Negotiation – first do your homework


According to Marc Lockley, the author of ‘How to pay less for more’ – and co-creator of Zoomly’s ‘How to negotiate’ workshop – 70% of a negotiation is preparation. When I first heard this figure, to say it came as a surprise is an understatement; you could’ve heard my jaw drop. There was a qualifier however: 70% of a successful negotiation is preparation. Ah.

If we’re under-prepared for negotiating, the process can drag on and on. And on. The series of ‘if-this-then-that’ interactions can resemble a long series of volleys between tennis players. As tiredness sets in, errors can be made and tempers can fray.

To improve your chances of success, as well as the working relationship with the other party before, during and after the negotiation, it pays to do your homework first.

What do you know about who you’re negotiating with?

Let’s say you’re negotiating with another business, such as a service provider or a potential client. You can start with some basic fact-finding online, such as their website and social media feeds. Look up their company on Companies House and see who the directors are. Looking at reviews on Glassdoor can be revealing about what they’re like to work for; the comments about workplace culture may provide pointers about what they’re like to negotiate with. Ask contacts in your network if they know anything about the firm and its key people. What are they like to do business with? Bear in mind the other party will probably take these steps to find out more about you…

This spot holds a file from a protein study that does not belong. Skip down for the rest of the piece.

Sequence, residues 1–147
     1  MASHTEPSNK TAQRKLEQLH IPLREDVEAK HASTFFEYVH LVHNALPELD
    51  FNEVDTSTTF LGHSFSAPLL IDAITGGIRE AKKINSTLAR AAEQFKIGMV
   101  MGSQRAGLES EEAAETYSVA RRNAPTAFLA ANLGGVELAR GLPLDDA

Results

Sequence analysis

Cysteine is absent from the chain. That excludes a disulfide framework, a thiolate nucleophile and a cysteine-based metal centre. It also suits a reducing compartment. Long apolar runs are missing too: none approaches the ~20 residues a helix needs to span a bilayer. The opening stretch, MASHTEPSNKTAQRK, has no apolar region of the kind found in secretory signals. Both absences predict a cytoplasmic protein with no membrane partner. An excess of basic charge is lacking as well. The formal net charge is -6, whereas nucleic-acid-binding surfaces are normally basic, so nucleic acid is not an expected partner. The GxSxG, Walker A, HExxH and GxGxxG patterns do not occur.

What do you want?

‘To win!’ doesn’t quite cover it, at least if that means ‘at any cost’. Key stakeholders need to discuss and agree what the goal is. They may have more than one ‘essential’ element in the desired deal – and there will be deal-breakers to consider as well. What’s your ‘walk away’ point?

What do they want?

Much of your preparation will be about finding out what constitutes a ‘win’ for the other party. It may simply be about money – if so, prepare to bargain hard. Typically, there are multiple criteria such as service levels, quality standards and payment terms. If there’s a Request for Proposal (RFP) it should cover these points; if not, you’ll need to craft questions to ask about the other party’s needs and wants. What do they value? What are their must-haves and nice-to-haves?

What do you know about the competition?

Who are your key competitors and what is each one of them known for? When Marc was working in B2B sales he kept up to date with what the competition was doing – new people, products, offers, and new business. How is what you offer different to your competitors?

Yes, this may seem basic – but no, not everyone does it. We can all too easily be distracted by new and shiny offers, seduced by our own brilliance. It’s homework time…


You may find this post useful: ’20 questions to help you negotiate (and one to avoid)’


Dawn is the author of ‘The Feedback Book’ and ‘How to be Zoomly at work’

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Image credit: Shaking hands for successful dealing – @mustahtar-DepositPhotos

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